My passion for wildlife was stimulated in my teenage years, mainly thanks to my Mum (a biology teacher) who made me look at the world differently and being inspired by writers such as Paul Colinvaux. This early interest developed into biological research in my 20s, when I did practical conservation work in places such as the Comores and Mongolia.
Today, any free time I have I spend pottering around the flatlands of East Anglia or escaping to our hut on the Northumberland coast looking for wildlife and castles with my wife and children.
I studied Biological Sciences at Oxford and Conservation at UCL, and worked at Wildlife and Countryside Link before spending five years as Conservation Director at Plantlife.
I joined the RSPB as Head of Government Affairs in 2004, became Head of Sustainable Development in 2006, before becoming Conservation Director in 2011.
The Repeal Bill has had a makeover: published tomorrow it has now dropped its less-than-humble adjective. But whether or not the Bill is indeed great, its importance for the environment is as monumental as it was three months ago, when the Government published its plans for the Bill alongside the triggering of Article 50. A report by the House of Commons library predicts that this Bill will be “one of the largest legislative projects ever undertaken in the UK”.
Over the last 44 years, EU and domestic laws to protect the environment have become increasingly intertwined, with EU laws playing the lead role in setting standards for, and providing the tools to achieve, the protection of our wildlife, air and water.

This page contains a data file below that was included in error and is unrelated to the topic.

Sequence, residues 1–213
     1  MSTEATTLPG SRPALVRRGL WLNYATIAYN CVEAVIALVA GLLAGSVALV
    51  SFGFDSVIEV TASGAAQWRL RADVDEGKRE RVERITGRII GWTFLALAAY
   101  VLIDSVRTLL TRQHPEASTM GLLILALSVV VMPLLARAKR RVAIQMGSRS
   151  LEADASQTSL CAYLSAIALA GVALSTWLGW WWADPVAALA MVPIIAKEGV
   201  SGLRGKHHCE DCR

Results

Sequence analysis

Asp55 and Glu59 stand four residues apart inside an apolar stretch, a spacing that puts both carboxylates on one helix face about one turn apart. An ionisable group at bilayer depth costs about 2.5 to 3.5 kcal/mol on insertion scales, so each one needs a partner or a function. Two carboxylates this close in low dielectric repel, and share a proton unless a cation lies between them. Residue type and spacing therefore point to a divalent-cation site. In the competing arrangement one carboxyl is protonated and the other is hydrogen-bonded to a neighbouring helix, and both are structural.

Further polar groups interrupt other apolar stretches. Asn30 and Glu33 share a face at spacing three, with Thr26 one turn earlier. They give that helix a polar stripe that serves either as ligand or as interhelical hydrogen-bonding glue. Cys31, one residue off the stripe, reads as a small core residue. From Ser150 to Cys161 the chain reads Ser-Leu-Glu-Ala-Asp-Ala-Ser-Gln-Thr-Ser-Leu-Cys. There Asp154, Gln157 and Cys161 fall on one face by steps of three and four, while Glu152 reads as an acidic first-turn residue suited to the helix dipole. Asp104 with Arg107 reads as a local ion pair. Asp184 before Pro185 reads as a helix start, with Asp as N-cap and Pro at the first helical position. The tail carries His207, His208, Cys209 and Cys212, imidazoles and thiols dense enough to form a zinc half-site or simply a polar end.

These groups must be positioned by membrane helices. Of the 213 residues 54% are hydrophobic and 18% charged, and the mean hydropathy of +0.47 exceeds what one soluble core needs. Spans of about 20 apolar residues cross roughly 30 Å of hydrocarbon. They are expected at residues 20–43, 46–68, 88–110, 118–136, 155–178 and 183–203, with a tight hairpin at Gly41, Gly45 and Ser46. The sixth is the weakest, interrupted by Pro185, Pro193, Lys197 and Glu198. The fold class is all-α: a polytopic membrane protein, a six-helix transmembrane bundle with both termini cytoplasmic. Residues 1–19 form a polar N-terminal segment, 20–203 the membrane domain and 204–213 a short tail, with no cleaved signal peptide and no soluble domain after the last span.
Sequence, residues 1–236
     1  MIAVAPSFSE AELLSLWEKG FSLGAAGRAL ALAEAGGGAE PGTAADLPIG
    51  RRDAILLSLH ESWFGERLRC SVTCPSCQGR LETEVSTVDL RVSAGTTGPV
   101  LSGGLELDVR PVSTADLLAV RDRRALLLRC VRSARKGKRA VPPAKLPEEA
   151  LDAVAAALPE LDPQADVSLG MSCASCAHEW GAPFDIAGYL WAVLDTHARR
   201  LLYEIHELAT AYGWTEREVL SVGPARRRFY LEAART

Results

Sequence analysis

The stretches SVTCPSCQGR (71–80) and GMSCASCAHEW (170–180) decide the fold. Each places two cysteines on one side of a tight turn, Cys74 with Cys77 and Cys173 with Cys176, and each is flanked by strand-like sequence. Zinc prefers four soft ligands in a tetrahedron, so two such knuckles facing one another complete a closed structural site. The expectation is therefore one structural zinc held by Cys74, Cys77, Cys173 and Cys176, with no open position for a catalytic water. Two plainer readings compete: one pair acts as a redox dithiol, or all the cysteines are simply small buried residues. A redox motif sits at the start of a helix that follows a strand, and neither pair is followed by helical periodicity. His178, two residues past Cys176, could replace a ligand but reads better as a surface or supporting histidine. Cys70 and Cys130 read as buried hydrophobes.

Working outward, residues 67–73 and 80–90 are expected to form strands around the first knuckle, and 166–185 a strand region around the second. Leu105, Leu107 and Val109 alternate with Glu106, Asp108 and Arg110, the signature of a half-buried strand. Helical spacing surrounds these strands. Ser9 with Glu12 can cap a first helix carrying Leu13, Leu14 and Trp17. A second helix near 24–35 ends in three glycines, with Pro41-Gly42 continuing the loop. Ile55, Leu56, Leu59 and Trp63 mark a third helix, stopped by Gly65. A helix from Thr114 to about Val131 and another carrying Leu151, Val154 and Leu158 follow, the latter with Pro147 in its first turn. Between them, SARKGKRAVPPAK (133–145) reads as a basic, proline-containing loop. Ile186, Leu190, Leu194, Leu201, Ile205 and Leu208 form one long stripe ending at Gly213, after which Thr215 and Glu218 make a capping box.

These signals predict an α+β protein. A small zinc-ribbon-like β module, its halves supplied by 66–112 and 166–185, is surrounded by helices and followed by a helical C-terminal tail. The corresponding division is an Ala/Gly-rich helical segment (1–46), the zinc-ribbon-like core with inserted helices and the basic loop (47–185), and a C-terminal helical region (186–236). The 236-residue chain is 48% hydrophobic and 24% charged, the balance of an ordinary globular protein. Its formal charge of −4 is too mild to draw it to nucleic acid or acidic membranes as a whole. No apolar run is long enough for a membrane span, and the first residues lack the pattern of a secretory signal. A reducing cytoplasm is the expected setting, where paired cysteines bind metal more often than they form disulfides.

The idea behind the Repeal Bill is to ‘roll over’ EU-derived laws into domestic law, such that the law will be the same on the day that we leave the EU as it was the day before – vital if we are to maintain protection for the environment and the regulatory stability that businesses require.
In reality, it’s a lot more complicated than you might think, and, as I have highlighted in recent blogs , the potential risks to the environment are huge.
Protect the Principles
The Repeal Bill needs to carry over both the nitty-gritty detail of European directives and regulations, and the big-picture thinking which informs both their aims and application. We’re particularly concerned about the EU’s over-arching environmental principles enshrined in European Treaties, such as the polluter pays and the precautionary principle.
These common-sense principles underpin the European laws that protect our nature, air, water and seas – but unless explicitly translated into the Repeal Bill, may be lost. So, even if the ‘rolling over’ of the detail of the individual laws was done to perfection, protection for the UK’s environment would be substantially watered-down if these vital principles are not also translated into domestic law.
No weakening laws behind closed doors
As EU laws are ‘rolled over’ into domestic law, the UK Government has plans to give its Ministers the power to amend the legislation as they go. Some technical changes will be needed (for example, references to European agencies and institutions may need to be changed to new or existing domestic agencies and institutions), and it will be important that Ministers are able to make these changes to ensure that the roll-over process can be completed in time.
But these so called ‘delegated powers’ must not be abused. If not sufficiently constrained, they could allow Ministers to make significant changes to the law - a role usually reserved for Parliament - to ensure that material changes to our laws are subjected to full democratic scrutiny. Such a power to amend laws behind closed doors could pose an unacceptable risk to the environment.
It is crucial that any changes to the intent or scope of EU laws are made only through full democratic processes and are given full parliamentary scrutiny.
Mind the Governance Gap
Laws on paper are only as good as our ability to enforce them. They require good governance - and at present we rely on EU institutions to provide most of that too. Those institutions provide guidance and funding, sets targets and monitors environmental progress to ensure things get done, monitors and polices compliance with our environmental laws, and can provides affordable access both to justice and remedy. Leaving the EU will therefore leave us with a big ‘governance gap’.